My friends and I have been working our way through Adam Platt’s top 101 restaurants list and, as you might guess, Eleven Madison Park has been my favorite, but I also love classic tiny spots like the original Westville. For drinks you can find me all over the place, from The Red Lion listening to an amazing David Bowie cover band, to Catch with my favorite tequila cocktail—the Cane—in hand. (For an extended list of Jo Rausch’s all-time favorite NYC spots, click here. )

What’s the greatest lesson and advice you’ve learned across your career in nightlife?
You have to remember that everyone that walks through the door is there to have a good time and your job is to make sure that happens. If you aren’t having fun, that will manifest its way to your guests. When I go to work I don’t feel like it’s a job and I think that’s the key to happiness in your career.

Amid your work as a bottle waitress, host, and now Maitre D’, what is the craziest thing you’ve encountered someone do?
That’s a story to tell over drinks but it involves John Stamos, or maybe that was just a dream I had.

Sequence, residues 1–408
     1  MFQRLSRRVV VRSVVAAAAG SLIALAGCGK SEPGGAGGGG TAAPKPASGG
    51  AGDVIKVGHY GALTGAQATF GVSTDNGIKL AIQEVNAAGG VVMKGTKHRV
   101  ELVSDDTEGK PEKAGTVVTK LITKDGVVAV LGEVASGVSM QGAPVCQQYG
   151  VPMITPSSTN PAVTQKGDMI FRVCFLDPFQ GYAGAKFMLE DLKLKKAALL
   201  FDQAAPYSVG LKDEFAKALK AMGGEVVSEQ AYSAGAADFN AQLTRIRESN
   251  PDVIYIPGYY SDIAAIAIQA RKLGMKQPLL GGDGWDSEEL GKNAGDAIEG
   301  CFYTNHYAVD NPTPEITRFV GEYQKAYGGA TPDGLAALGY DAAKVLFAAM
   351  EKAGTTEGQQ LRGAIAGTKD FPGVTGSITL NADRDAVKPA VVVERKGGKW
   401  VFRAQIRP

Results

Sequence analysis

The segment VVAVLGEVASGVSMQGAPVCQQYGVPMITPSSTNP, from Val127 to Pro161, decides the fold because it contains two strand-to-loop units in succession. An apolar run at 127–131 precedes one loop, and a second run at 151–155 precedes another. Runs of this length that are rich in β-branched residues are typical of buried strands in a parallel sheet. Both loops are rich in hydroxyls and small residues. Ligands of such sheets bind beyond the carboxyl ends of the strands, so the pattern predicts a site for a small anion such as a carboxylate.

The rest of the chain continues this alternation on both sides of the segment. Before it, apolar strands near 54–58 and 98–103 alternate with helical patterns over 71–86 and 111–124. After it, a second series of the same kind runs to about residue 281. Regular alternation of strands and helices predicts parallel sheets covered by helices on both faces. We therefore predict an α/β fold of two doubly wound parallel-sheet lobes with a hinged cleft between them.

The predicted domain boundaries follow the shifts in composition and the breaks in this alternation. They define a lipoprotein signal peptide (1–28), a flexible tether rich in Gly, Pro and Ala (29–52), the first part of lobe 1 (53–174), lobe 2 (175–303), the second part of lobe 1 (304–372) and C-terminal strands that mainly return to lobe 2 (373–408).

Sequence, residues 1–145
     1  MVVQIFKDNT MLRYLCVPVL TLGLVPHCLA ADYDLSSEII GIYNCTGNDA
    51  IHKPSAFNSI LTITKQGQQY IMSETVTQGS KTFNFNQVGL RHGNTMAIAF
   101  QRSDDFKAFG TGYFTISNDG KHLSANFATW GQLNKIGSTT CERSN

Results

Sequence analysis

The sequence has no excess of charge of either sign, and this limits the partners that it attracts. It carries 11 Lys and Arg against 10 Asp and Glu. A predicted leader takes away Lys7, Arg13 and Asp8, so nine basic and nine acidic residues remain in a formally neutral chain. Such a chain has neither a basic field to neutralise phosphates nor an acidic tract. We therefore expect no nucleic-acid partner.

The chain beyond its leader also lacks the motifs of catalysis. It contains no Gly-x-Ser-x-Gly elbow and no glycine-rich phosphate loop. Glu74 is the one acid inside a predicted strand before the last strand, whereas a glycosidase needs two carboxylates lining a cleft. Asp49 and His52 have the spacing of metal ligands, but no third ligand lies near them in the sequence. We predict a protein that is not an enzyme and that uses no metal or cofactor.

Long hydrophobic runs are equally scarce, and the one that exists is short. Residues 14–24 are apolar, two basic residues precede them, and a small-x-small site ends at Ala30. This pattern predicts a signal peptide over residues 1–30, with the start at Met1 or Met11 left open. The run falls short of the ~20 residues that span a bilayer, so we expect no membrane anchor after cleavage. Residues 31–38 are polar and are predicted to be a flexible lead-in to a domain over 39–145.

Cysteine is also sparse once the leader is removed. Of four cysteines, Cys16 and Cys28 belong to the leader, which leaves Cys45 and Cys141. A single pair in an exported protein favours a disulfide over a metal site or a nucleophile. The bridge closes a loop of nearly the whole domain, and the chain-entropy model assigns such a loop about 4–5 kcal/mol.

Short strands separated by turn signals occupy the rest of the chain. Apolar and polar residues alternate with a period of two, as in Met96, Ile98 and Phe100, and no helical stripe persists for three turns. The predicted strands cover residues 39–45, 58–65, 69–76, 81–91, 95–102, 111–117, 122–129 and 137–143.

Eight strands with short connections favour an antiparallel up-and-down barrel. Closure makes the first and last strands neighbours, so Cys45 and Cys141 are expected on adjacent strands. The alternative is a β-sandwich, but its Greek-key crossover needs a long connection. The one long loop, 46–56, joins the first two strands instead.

Industry Insiders: Eugene Remm, Mark Birnbaum, Michael Hirtenstein, & Hung Huynh

It looks like it’s going to be a while before Eugene Remm, Mark Birnbaum, and Michael Hirtenstein (seated, left to right) get a vacation. While they’re already busy running such white-hot New York nightspots as Tenjune and SL, the EMM Group partners now have two exciting new restaurants to oversee. The first, Lexington Brass, is a stylish New American bistro in the Hyatt 48 hotel that serves three meals a day, seven days a week, along with signature cocktails and craft beers. The second, Catch, is poised to become nothing less than Manhattan’s seafood Mecca, with multiple levels, a glass-enclosed rooftop lounge, an outdoor terrace, and some major firepower in the kitchen courtesy of Top Chef Season 3 winner Hung Huynh (standing).